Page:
From visas and permits to extra tuition fees imposed, the current framework for international students does not promote access to education, according to the document by the group representing 45 National Unions of Students from 39 countries.
Some higher education institutions use mobility as a means for “promoting themselves in a global competition, or making a profit of international students,” notes the report.
“The purposes of mobility should be the improvement of education quality by increasing international
outlook and circulating knowledge, as well as building intercultural understanding, independence,
and transversal skills in students.”
Access to education is an objective that governments across Europe must focus on while making funding for universities sustainable, @ESUtwt has outlined in its 2019 policy document.
— The PIE News (@ThePIENews) July 3, 2019
The ESU provides a list of recommendations for better internationalisation and learning mobility. This includes financial support to be offered at all education levels and cycles, and for the quality of learning in these mobilities to be properly ensured. International study shouldn’t be a privilege for the financially well-off, not should money be the number one deterrent for students to travel abroad for study.
It called for sufficient grants to cover living costs and emergency travel, transport subsidies and tuition-free language courses, as well as asking that international students be afforded the same tuition fees, regardless of EU citizenship status.
As for the Erasmus+ programme, “targeted grants should be offered to students from underrepresented groups to widen participation” and “adjusted to cover the study and living costs of the local area of destination”.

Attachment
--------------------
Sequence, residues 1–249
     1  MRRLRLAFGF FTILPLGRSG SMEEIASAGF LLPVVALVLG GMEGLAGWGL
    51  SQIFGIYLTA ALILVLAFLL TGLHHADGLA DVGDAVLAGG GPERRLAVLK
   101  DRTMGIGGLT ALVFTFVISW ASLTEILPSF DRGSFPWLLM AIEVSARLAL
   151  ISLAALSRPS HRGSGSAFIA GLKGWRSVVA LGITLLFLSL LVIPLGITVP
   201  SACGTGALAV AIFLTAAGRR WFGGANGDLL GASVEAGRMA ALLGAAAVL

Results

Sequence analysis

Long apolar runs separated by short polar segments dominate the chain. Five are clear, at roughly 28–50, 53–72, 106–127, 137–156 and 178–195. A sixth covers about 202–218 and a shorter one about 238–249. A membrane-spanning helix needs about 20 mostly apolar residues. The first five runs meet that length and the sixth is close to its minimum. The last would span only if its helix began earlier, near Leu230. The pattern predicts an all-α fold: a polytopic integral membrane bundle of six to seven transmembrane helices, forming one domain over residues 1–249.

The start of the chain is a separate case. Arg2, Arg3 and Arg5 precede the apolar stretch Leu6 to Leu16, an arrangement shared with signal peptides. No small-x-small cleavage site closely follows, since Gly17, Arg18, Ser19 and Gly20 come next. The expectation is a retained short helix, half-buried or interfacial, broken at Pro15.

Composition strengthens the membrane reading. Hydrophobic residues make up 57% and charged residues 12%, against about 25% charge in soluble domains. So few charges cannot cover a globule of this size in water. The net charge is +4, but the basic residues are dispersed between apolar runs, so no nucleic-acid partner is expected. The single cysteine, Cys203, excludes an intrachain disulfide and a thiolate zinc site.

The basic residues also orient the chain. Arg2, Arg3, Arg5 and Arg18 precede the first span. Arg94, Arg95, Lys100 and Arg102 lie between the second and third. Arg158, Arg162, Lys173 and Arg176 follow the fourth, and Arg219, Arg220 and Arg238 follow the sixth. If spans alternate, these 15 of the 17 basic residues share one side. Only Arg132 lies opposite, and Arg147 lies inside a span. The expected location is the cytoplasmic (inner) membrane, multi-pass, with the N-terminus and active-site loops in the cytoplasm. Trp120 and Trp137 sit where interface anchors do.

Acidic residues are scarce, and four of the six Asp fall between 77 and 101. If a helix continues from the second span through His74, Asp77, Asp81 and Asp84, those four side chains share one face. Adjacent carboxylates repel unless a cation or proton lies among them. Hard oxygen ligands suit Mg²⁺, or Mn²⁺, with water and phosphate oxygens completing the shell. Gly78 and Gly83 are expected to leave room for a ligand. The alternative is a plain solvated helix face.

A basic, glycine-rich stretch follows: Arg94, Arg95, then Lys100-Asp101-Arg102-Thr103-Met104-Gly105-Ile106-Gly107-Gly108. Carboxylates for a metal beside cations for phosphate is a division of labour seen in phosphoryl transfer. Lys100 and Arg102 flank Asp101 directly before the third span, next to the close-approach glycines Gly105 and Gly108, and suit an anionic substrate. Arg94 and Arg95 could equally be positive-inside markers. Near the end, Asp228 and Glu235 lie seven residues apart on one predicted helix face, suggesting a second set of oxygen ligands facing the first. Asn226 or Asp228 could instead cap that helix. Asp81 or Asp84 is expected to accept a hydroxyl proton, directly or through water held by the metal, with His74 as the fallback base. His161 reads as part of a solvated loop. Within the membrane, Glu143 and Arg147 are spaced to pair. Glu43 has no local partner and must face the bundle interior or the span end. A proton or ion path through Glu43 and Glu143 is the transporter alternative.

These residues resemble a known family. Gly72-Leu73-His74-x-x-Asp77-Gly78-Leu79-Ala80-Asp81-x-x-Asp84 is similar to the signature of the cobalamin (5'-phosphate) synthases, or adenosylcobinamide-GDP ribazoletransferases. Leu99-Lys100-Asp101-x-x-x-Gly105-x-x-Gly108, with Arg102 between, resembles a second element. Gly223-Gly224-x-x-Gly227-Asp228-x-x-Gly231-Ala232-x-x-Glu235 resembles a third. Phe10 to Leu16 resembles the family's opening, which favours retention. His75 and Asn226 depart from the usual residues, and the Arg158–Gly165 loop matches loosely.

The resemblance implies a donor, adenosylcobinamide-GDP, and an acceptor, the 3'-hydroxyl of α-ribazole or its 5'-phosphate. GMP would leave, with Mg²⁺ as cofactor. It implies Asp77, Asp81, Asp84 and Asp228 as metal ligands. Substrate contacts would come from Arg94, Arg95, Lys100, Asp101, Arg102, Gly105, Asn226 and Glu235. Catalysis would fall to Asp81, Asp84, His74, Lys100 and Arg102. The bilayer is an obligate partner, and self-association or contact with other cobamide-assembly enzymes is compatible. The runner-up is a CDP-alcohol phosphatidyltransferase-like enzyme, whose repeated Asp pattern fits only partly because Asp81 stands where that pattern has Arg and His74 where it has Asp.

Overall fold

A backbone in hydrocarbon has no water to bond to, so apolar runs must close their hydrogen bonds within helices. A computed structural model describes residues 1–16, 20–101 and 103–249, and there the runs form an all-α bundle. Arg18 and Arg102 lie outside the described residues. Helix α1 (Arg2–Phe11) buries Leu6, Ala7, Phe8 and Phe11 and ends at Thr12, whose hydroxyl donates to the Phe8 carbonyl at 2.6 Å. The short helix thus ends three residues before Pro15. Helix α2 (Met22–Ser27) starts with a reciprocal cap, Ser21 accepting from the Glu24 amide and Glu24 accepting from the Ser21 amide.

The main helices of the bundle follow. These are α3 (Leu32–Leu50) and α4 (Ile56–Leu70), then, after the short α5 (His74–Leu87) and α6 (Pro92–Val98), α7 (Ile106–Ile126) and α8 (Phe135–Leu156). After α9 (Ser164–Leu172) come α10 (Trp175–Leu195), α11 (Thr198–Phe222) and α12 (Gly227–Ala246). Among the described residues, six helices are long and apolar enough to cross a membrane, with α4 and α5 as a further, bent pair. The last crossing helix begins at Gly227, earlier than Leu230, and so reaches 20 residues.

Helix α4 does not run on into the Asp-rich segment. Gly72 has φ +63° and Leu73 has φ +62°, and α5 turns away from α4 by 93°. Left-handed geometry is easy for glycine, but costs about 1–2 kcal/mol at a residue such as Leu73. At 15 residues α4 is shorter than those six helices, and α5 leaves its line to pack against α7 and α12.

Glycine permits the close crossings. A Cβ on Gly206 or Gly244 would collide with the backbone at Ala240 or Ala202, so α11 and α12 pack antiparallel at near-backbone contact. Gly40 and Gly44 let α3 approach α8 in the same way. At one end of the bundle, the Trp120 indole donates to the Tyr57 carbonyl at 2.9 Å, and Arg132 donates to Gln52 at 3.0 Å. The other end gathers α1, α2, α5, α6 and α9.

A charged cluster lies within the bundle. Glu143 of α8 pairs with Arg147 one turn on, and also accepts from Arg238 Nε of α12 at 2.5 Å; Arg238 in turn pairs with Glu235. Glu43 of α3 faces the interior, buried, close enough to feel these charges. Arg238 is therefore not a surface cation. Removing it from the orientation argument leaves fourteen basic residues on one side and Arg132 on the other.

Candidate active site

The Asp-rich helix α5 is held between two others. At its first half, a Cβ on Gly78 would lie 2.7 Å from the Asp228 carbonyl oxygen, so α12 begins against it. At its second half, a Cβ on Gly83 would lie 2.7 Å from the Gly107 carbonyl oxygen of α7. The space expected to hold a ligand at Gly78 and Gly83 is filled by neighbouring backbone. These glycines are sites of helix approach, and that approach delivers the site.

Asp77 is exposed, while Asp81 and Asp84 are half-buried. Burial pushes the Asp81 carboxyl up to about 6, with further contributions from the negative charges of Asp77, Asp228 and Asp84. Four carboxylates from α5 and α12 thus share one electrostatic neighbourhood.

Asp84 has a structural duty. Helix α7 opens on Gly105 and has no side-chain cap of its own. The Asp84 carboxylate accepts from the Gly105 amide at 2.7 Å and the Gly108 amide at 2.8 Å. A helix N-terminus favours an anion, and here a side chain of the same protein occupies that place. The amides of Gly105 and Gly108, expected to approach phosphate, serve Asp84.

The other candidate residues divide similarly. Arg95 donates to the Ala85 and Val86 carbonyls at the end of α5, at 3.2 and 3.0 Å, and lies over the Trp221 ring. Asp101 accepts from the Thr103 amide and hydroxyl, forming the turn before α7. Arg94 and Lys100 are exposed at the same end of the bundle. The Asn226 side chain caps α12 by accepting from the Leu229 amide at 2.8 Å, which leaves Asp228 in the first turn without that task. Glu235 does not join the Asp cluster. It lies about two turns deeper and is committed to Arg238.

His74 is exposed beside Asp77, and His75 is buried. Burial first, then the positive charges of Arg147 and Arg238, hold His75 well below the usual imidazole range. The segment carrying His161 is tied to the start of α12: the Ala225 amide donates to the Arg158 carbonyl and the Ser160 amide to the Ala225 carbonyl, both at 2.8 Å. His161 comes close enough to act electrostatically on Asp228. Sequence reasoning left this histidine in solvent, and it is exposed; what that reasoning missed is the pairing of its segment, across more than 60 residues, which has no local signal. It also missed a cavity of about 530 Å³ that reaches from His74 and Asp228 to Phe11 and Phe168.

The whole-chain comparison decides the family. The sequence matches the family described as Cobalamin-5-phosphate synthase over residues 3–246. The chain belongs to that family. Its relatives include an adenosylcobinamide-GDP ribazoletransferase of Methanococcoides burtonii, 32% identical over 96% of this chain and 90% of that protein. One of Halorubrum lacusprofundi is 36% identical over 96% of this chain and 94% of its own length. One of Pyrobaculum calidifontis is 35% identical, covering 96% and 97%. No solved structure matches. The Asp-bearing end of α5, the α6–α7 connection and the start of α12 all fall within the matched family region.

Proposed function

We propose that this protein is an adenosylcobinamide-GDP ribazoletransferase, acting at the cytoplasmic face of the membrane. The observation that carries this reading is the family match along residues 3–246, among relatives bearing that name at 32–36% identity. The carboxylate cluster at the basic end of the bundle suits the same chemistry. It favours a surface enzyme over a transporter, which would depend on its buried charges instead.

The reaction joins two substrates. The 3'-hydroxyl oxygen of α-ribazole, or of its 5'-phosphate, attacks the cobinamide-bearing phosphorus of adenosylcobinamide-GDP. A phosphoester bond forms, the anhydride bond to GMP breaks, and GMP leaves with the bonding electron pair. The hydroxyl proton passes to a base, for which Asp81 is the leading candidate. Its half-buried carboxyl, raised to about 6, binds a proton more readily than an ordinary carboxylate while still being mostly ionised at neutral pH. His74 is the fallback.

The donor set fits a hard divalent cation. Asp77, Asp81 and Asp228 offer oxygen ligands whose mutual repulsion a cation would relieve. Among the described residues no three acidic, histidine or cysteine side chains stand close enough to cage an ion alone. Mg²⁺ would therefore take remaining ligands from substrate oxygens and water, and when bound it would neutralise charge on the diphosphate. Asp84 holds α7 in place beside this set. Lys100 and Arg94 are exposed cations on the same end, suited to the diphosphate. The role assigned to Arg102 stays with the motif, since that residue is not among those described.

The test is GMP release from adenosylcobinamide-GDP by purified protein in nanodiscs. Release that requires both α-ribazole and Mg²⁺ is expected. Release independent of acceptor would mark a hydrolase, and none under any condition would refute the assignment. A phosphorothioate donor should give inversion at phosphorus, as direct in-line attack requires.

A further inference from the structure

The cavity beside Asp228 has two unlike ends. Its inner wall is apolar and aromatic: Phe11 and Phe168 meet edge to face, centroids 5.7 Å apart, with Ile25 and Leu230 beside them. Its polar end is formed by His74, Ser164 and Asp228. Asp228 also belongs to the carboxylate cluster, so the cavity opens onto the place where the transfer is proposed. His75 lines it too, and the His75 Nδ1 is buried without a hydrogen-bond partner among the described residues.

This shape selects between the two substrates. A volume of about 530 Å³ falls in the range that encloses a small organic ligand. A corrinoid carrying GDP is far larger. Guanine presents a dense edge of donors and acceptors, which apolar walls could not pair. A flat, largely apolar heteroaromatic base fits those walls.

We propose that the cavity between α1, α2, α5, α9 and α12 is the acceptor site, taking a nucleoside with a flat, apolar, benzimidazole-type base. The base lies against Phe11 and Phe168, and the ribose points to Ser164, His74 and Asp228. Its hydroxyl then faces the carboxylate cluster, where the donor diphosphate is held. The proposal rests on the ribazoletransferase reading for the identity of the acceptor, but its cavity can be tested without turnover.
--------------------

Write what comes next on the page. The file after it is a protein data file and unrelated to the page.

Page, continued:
Bureaucracy and inconsistency were identified as barriers for students to attain visas, residency permits and work authorisations, the group also identified. It recommended abolishing fees on student visas and permits.
“Free movement must be ensured for students, who undertake stays for the purpose of study or
educational training, for teachers, staff and researchers.
“All costs for students related to visa procedures, such as travelling to embassies, documents preparation, translations costs, financial statements obligations, proofs of savings for the entire period of stay and finally the visa fee, are all negatively affecting study accessibility. ESU calls for fees on student visas and permits to be abolished,” reads the report.
The group also called for “transparent and accessible” online information for international students t regarding the accessibility of institutions and student housing.
Established in 1982, the ESU represents almost 20 million students in Europe and promotes their educational, social, economic and cultural interests towards all relevant bodies. It’s the only European student platform to conduct training, seminars, research and partnership projects, and produces a range of publications for students, policy-makers and higher education professionals.